John Tyler and his Role in the America Domestic and Foreign Policy (1841-1845)

  • Eman Mutaib Muhe قسم التاريخ /كلية التربية/ الجامعة المستنصرية
Keywords: Jhon Tyler,Mexico,Opposition,United States


The current paper highlights an important character represented by the American president John Tyler 1841 – 1845, who is considered the tenth American president. The importance of this paper lies in identifying his personality in terms of his upbringing and the political activities he practiced before assuming the presidency and his most significant internal achievements, which showed his decisions as a president. He was fully prepared to support national policies since they do not exceed the authorities of the states. With his achievements in the foreign policy, he was capable to draw and define the features of the American foreign relations that were in harmony with the general situation in the United States of America at that time. John Tyler came to power after the death of President Henry William Harrison in 1841, without elections. Being vice-President resulted an opposition from his political opponents, as well as his opposition to some of the previous laws of president Andrew Jackson, which consequently led to the resignation of whole Ministers (except the Minister of Foreign affairs), however, he has appointed new Ministers. After that he had been expelled from Whig Party, so he remained without any partisan support, because John Tylers’ achievements were not at the required level, except for some legislation issues, that including the agricultural distribution law of the land for the settlers in 1841, then as trying to cover his failure within external directions especially with Britain in 1842 and China in 1844, in order to strengthen trade relations and resolve border issues, John Tyler had achieved some matters by joining Texas to the United States, after its secession from Mexico in 1844.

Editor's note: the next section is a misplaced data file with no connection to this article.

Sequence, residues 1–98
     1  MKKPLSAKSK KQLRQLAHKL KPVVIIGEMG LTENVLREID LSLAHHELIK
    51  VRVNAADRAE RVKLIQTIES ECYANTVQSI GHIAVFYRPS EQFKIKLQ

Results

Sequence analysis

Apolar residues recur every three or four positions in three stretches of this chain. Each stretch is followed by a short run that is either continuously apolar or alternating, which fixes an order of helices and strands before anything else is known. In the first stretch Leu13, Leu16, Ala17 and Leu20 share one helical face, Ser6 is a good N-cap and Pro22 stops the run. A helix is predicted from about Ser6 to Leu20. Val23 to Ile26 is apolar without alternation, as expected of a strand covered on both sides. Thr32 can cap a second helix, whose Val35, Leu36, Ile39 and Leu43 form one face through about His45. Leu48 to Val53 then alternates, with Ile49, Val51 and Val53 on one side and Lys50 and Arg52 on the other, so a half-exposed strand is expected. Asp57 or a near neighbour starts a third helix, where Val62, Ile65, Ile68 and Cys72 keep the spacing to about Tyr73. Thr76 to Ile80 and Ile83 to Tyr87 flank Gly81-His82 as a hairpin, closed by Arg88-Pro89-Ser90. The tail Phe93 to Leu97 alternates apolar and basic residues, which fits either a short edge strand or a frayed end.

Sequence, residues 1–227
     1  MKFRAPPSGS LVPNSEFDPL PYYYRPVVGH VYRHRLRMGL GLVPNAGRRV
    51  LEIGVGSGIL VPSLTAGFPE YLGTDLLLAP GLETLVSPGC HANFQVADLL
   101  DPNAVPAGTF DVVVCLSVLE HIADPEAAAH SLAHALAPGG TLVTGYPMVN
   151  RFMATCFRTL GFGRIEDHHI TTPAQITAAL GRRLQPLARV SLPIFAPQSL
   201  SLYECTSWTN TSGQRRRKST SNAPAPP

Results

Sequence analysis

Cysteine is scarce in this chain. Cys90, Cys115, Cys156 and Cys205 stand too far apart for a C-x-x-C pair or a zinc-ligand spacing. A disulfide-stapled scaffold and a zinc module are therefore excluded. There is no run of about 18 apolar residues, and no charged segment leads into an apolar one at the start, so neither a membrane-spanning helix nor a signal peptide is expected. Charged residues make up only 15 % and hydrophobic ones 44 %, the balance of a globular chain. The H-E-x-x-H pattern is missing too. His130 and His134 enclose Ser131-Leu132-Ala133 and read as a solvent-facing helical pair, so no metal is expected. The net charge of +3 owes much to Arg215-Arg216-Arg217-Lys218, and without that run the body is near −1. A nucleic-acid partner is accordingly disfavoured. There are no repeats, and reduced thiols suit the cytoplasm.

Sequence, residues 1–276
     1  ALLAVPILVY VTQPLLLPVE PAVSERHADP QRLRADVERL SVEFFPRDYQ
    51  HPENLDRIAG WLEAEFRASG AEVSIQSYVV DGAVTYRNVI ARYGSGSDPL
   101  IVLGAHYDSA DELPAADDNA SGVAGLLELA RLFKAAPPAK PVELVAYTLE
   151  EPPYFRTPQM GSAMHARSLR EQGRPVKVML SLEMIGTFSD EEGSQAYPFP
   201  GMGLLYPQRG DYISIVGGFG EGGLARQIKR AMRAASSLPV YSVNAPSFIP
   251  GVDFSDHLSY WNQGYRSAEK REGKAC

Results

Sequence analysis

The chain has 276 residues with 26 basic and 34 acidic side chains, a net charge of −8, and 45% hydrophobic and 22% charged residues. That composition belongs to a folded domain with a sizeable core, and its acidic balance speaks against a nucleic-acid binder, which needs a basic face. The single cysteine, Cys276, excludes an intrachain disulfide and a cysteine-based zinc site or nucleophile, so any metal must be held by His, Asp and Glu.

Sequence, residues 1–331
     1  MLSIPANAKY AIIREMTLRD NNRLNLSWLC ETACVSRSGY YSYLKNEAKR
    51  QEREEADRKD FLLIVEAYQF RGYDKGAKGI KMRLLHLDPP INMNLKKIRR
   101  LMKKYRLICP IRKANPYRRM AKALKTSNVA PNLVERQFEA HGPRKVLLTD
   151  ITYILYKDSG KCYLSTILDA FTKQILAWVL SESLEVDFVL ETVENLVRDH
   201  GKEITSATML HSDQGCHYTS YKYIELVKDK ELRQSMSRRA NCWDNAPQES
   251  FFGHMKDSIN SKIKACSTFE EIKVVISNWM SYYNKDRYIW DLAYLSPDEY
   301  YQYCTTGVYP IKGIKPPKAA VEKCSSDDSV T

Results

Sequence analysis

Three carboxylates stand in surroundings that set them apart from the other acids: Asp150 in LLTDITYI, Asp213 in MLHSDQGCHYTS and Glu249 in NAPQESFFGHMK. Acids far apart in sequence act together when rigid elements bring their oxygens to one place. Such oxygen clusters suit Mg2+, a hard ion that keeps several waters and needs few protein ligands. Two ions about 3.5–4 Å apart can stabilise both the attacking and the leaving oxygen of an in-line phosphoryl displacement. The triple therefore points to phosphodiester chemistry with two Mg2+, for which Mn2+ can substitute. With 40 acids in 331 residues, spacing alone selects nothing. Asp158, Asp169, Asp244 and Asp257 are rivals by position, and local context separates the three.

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How to Cite
Muhe, E. M. “John Tyler and His Role in the America Domestic and Foreign Policy (1841-1845)”. Journal of the College of Education for Women, Vol. 31, no. 3, Sept. 2020, pp. 104-13, doi:10.36231/coeduw/vol31no3.8.